We do see it. You just don't understand the science well enough to even pose proper questions, let alone consider yourself the judge of how and where it is occurring. It is seen in the development of resistance. There is lots of research that show exactly what you refer to. Change in a population over time is documented. Many examples have been posted here.<quoted text>
If evolution were happening then organisms which were on earth millions of years ago (and there would be millions of species) would be evolving every year or ten. We are not seeing this. This is observable. We can test the theory by observing if the changes are occurring. We can see that they are not changing to the extent evolution postulates.
I gave an example of the difference between the human genome and a chimp. Giving a 4% difference in the genome (I cited a study which said 30%+) yields 12 million changes in the 6 million years we supposedly evolved from a common ancestor. I asked are we seeing the 2 changes in the genome per year necessary to see if evolution is occurring. No one said yes.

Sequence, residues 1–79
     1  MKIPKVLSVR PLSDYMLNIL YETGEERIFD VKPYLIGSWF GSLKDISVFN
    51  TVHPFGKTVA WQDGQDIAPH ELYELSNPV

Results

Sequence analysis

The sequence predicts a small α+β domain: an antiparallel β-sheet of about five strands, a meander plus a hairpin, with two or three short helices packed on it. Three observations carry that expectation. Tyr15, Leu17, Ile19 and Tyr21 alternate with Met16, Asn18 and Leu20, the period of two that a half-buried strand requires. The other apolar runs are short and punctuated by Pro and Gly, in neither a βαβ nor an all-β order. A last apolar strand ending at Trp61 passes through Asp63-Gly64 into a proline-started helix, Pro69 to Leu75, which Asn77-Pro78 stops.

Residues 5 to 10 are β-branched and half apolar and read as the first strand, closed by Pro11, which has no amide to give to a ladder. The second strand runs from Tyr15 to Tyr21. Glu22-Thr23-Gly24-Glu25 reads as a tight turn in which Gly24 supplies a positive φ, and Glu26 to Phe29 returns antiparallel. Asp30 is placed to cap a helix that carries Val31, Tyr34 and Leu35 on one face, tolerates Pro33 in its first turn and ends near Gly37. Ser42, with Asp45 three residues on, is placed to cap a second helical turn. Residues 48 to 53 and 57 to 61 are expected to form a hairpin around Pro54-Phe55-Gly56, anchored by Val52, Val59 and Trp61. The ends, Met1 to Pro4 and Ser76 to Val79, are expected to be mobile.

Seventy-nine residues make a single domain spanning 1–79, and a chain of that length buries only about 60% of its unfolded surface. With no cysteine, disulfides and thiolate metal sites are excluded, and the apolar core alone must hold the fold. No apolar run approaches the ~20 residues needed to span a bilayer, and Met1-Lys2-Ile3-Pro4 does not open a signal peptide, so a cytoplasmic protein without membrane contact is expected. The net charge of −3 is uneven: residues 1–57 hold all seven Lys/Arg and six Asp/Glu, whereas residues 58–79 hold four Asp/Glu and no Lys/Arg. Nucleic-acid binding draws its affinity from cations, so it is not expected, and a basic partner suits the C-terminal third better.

I believe I did address your misunderstanding. Your rate is wrong. It assumes change in only one genome and not in the two genomes. Further, we are seeing changes in the human genome. I don't know what the rate of fixation is, but it is there. As an example, height and mean body mass have increased over the last 80-100 years. Like any species or populations within a species we are subject to constant selective pressure. What these selective pressures currently are is a more important question that whether they are causing change. They are.